The programme is based on software that uses biometric sensors to detect how susceptible individual drivers and passengers are to getting car sick.
This data is then used by the system to find the ideal acceleration, braking and lane positioning to reduce motion sickness by up to 60%. The autonomous car then adjusts its driving style accordingly.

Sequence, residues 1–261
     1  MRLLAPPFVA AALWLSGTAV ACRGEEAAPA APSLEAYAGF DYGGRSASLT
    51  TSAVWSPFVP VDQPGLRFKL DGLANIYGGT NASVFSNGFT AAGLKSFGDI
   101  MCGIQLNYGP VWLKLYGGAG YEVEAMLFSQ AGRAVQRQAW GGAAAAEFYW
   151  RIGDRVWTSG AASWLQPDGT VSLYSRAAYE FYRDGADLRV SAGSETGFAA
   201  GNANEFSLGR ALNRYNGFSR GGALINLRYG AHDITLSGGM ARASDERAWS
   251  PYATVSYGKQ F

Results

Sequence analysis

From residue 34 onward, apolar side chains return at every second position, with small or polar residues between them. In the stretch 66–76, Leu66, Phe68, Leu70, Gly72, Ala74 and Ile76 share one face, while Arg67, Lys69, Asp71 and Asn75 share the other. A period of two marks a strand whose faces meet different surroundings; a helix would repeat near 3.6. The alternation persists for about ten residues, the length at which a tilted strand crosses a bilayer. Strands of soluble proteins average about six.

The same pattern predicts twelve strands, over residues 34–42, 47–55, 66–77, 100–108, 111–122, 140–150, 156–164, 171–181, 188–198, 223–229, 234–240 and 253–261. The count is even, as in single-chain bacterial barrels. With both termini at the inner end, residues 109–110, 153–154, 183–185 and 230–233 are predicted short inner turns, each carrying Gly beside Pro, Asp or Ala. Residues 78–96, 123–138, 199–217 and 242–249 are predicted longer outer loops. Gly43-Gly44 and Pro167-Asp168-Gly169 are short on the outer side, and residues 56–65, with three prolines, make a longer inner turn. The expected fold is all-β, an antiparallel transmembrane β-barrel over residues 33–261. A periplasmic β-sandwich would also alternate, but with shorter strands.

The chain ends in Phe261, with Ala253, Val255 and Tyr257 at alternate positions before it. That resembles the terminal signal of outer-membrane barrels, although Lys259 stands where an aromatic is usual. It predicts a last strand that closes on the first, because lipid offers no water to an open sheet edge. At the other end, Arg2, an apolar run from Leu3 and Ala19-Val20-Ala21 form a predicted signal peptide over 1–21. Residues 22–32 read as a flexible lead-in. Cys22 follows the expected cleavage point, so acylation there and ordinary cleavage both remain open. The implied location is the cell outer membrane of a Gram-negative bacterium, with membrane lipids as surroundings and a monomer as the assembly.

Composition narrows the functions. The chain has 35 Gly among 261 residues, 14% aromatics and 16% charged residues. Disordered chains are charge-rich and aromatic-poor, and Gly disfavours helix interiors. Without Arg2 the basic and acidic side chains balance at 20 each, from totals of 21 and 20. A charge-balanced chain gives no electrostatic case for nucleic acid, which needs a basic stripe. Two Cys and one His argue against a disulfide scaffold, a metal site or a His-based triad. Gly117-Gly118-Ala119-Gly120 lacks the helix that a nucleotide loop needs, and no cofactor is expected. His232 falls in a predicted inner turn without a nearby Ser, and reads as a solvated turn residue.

The software, which has been fine-tuned over 20,000 real-world and virtually simulated test miles racked up through JLR’s autonomous fleet, is expected to be integrated into the company’s future production cars as driver assist technology develops. Although JLR refused to comment on future product plans, a spokesperson said that the system’s principles “can be applied to any vehicle with increased levels of automation”.